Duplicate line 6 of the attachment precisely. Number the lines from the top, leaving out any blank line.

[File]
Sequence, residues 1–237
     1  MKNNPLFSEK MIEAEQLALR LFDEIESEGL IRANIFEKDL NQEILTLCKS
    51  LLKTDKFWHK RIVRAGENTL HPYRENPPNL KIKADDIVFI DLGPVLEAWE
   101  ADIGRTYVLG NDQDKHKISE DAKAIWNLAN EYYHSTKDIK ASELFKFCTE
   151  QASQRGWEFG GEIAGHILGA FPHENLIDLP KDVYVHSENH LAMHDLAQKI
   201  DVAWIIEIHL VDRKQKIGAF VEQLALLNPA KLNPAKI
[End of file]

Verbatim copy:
   201  DVAWIIEIHL VDRKQKIGAF VEQLALLNPA KLNPAKI